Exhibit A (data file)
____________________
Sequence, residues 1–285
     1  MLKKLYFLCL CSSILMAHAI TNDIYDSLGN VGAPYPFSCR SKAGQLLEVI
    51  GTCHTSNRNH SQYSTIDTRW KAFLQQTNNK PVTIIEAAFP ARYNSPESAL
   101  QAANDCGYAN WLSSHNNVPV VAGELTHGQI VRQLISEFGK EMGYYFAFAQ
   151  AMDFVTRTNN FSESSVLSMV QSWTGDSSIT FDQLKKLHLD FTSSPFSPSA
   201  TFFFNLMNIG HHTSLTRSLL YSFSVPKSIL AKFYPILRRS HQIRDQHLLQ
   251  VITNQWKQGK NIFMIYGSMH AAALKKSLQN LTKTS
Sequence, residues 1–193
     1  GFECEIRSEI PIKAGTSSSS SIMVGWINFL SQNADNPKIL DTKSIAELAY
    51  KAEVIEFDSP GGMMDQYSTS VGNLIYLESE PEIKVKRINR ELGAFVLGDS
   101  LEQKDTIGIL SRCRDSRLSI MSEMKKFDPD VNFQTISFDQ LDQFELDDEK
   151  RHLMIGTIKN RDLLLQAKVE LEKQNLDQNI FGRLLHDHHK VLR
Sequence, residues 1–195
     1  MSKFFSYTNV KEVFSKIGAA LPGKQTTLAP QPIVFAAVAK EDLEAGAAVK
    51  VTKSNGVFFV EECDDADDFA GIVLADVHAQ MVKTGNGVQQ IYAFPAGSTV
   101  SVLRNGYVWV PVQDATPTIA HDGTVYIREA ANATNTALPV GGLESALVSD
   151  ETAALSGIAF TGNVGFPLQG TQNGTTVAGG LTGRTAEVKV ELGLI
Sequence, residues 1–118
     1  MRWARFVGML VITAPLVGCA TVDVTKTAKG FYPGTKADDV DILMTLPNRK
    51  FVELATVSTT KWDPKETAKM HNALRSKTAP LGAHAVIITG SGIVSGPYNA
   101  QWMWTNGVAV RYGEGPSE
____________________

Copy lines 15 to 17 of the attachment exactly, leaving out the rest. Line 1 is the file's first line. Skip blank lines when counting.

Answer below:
    51  VTKSNGVFFV EECDDADDFA GIVLADVHAQ MVKTGNGVQQ IYAFPAGSTV
   101  SVLRNGYVWV PVQDATPTIA HDGTVYIREA ANATNTALPV GGLESALVSD
   151  ETAALSGIAF TGNVGFPLQG TQNGTTVAGG LTGRTAEVKV ELGLI